Paradise is not a fairytale place, much less an enchanted garden. Paradise is the embrace of God, infinite Love, and we enter there thanks to Jesus, who died on the Cross for us. Where there is Jesus there is mercy and happiness; without him there is cold and darkness. At the hour of death, a Christian repeats to Jesus: “Remember me”. And even if there may no longer be anyone who remembers us, Jesus is there, beside us. He wants to take us to the most beautiful place that exists. He wants to take us there with the small or great deal of good that we have done in our life, so that nothing of what he has already redeemed may be lost. And into the Father’s house he will also bring everything in us that still needs redemption: the shortcomings and mistakes of an entire life. This is the aim of our existence: that all be fulfilled, and be transformed into love.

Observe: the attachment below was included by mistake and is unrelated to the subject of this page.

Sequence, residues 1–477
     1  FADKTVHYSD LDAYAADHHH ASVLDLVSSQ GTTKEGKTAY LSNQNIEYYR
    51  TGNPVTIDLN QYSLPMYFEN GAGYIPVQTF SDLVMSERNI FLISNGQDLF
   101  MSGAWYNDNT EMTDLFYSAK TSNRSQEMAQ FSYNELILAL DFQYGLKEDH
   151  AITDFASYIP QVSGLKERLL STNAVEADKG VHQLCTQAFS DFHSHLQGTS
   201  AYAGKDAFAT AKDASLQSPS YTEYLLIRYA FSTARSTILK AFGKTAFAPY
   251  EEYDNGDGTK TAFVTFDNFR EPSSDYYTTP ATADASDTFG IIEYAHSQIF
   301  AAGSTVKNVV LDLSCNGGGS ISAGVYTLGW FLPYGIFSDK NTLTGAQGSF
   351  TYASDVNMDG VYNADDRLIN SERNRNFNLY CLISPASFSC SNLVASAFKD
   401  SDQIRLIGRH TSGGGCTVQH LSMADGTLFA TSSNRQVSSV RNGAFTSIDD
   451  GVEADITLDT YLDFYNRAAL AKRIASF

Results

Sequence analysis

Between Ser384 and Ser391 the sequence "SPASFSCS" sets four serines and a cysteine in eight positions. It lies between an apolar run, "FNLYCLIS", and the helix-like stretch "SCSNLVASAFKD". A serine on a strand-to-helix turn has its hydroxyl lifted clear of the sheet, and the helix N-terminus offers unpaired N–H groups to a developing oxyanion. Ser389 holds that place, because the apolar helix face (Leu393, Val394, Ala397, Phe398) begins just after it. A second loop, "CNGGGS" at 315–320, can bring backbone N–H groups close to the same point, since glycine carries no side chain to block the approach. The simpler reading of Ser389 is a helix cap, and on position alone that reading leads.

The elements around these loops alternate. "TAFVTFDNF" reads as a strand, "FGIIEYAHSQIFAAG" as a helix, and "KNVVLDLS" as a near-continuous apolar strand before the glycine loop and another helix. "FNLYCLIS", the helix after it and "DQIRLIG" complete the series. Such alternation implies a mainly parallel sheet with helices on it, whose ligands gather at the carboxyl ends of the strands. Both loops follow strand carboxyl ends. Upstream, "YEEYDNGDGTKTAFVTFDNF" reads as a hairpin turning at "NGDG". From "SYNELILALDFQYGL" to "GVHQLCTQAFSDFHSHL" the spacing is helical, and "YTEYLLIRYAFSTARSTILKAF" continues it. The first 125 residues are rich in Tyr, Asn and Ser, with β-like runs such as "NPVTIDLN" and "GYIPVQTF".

If we believe this, death ceases to frighten us, and we can also hope to depart from this world in a peaceful way, with so much confidence. Those who have met Jesus no longer fear anything. We too can repeat the words of the elderly Simeon; he too was blessed by the encounter with Christ, after a lifetime spent in anticipation of this event: “Lord, now lettest thou thy servant depart in peace, according to thy word; for mine eyes have seen thy salvation” (Lk 2:29-30). At that instant, at last, we will no longer need anything; we will no longer see in a confused way. We will no longer weep in vain, because all has passed; even the prophecies, even consciousness. But not love: this endures. Because “love never ends” (1 Cor 13:8).”